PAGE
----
Sir James Murrray Society
Book Review: Monsters of Men
Having been unfortunate enough to have never read the preceding two novels in the Chaos Walking Trilogy (The Knife of Never Letting Go & The Ask and the Answer), I immediately had doubts at diving into the latest instalment into the series, Monsters of Men.
Upon opening the book however, I instantly found reprieve from my anxiety; from the beautifully constructed character relationships and interactions to the unwaveringly fascinating concept of Noise, author Patrick Ness has created a world in which each character’s own influence on the world around them is as great as his effect upon the reader!
Monsters of Men is set on a planet known as New World. 23 years prior to the first novel, some settlers embarked on a journey from Old World (a planet speculated to be Earth) to begin new, flawless lives elsewhere and (essentially) establish a utopia. The first and only settlement created on New World is Prentisstown, the main setting for the story.
After many years however, conflict with the indigenous race, called the Spackle (who refer to themselves as the Land), seems to have hindered development and by their releasing of a deadly “germ” has sadly, killed all women in Prentisstown effectively destroying the human population.
Another side effect of the so-called “germ” is Noise, a state in which all, including the innermost, thoughts of men are broadcasted outwards like their regular voice to be heard by all.
The main protagonist of the story, Todd Hewitt (who had believed his small colony of humans to be the only on the planet) believes this until he uncovers the truth: the “germ” was not created by the Spackle but had been present before the settlers arrived and that because it only affects men, a genocide of all the women occurred at the men’s hands (who could not bear to have their thoughts heard by women who were impervious to the germ’s mind-probing effects).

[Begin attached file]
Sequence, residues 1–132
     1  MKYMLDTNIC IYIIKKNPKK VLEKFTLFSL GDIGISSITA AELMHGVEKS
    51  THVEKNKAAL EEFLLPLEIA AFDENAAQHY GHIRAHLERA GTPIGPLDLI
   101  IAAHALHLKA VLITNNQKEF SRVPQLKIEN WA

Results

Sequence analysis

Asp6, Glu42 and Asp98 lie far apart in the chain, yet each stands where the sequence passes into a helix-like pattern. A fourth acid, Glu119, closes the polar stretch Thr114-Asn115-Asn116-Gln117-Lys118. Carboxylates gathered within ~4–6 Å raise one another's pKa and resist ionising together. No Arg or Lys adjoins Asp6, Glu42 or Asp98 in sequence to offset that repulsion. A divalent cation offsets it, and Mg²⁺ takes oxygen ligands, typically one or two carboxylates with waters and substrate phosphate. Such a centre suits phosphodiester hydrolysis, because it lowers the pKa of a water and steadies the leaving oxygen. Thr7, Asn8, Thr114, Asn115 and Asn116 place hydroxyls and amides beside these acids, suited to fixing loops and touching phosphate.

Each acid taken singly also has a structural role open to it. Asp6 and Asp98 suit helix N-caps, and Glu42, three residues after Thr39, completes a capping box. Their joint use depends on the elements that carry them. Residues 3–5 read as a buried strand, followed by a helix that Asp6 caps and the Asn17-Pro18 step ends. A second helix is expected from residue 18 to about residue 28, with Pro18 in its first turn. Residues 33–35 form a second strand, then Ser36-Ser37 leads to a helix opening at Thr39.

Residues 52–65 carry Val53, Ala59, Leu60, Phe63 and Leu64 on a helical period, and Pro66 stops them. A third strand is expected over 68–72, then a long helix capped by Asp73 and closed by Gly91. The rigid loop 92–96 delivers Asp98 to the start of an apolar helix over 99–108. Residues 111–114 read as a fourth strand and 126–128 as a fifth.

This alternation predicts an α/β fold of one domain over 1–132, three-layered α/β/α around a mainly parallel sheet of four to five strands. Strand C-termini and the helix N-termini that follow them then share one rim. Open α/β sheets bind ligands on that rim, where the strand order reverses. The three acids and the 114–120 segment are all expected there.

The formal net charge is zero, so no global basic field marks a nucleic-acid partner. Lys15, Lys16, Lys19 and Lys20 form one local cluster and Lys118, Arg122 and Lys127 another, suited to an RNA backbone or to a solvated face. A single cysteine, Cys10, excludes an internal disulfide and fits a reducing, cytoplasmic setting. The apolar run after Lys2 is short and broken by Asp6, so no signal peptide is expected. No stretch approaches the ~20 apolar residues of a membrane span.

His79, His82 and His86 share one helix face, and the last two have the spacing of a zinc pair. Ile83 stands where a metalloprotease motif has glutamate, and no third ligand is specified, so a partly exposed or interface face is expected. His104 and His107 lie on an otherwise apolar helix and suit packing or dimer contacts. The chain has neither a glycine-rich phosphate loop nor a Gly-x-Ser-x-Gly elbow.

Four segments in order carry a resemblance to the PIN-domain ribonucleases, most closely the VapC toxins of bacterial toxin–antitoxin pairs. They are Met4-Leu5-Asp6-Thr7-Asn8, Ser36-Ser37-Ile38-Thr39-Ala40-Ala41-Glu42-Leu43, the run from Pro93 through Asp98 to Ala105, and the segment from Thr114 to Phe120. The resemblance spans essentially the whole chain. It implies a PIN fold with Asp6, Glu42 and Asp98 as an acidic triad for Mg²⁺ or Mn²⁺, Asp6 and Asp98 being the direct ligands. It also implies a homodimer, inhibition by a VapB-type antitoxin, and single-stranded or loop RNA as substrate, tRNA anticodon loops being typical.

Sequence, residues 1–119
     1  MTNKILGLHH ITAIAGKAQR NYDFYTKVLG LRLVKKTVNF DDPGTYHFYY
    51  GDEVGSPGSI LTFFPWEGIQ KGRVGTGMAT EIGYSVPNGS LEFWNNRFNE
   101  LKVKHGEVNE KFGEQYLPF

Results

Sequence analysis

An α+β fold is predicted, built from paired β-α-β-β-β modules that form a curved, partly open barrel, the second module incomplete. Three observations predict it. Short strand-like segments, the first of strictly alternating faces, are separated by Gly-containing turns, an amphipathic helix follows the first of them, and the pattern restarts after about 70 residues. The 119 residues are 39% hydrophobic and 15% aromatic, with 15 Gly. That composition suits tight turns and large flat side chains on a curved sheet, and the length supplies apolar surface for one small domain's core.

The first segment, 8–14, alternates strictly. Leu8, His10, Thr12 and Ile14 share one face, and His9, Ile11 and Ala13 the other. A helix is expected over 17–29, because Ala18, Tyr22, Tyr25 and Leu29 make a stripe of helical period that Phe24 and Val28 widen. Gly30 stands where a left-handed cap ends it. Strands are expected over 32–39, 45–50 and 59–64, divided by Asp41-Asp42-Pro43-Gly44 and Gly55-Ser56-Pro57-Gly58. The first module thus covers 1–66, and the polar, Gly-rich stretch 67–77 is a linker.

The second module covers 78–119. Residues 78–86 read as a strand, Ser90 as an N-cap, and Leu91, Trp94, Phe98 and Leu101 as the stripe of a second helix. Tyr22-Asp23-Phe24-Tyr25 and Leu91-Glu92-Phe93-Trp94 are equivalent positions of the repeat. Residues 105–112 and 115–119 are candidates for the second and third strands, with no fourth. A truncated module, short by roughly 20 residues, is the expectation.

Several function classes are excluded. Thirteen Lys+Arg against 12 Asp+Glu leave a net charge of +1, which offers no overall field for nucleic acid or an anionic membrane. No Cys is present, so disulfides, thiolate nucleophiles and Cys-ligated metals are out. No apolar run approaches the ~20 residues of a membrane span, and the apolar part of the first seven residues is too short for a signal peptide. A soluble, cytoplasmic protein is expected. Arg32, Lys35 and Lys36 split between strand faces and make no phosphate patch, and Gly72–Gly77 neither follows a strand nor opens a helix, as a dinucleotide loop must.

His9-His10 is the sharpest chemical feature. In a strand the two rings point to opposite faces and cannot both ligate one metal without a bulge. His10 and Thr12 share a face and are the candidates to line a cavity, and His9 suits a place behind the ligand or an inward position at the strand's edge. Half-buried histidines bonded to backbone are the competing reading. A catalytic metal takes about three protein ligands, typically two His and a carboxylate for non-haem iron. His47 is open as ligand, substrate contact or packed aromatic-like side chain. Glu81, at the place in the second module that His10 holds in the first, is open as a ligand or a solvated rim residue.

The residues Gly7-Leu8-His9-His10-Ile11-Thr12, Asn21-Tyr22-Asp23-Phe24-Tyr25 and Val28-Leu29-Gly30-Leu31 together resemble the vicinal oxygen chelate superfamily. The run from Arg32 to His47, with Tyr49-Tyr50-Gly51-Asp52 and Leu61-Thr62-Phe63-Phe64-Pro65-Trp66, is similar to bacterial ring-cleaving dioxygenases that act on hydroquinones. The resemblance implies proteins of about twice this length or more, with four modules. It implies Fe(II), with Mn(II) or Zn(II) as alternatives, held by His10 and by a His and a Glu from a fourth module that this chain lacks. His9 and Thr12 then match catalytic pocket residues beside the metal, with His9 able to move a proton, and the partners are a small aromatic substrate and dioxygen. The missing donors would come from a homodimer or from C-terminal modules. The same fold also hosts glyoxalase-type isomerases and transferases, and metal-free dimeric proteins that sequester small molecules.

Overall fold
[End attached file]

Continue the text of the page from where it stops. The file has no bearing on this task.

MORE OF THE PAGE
Viola Eade, a lone settler and companion of Todd (whose very presence contradicts everything Todd has come to accept) aids him in revealing these fallacies to be the work of the megalomaniac “Mayor” of Prentisstown, David Prentiss.
From the outset of Monsters of Men, a war (which has stemmed from the Mayor’s power-hungriness) rages between the humans and the mentally linked Spackle.
As the protagonists, Todd and Viola both strive for peace but face conflict from their devout loyalty to each other and the lengths they will go to in order to ensure the other’s safety.
The intricate and complex storyline of Chaos Walking is sensational and masterfully crafted by Patrick Ness to encompass elements of mystery, suspense, fear and tension, all the while developing the reader’s understanding through Noise and a brilliant first person narrative.
A unique dynamic of Monsters of Men is that it flows seamlessly between the perspectives of Todd, Viola; and “The Return”, the last of the Burden/the Spackle left behind as slaves to the humans of Prentisstown who is bent on revenge against the Knife (Todd).
Even within the same setting, the reader is able to attain different outlooks upon scenarios involving multiple characters; this also supplements the functionality of the characters’ Noise. The alternation between characters is also accompanied by a distinct change in font – Viola’s is a deep-set bold laden with emotion whilst Todd’s is a freer type which reflects his lack of “direkshun” on grammar and education. Most interestingly is The Return’s font style; akin to calligraphy, this symbolises the Land’s lack of coherent language but rather how information is passed through thought, image and emotion.
Monsters of Men has so far, proved to be a fast-paced, thrilling story with many eccentricities that keeps the reader engaged and mystified. The book is an excellent read by any measure which I recommend to anybody who is open to something different, creative and utterly mesmerising.
Joshua Jackson, Belmont School
Posted on: 08 Jun 2011
Book Review: White Crow by Marcus Sedgewick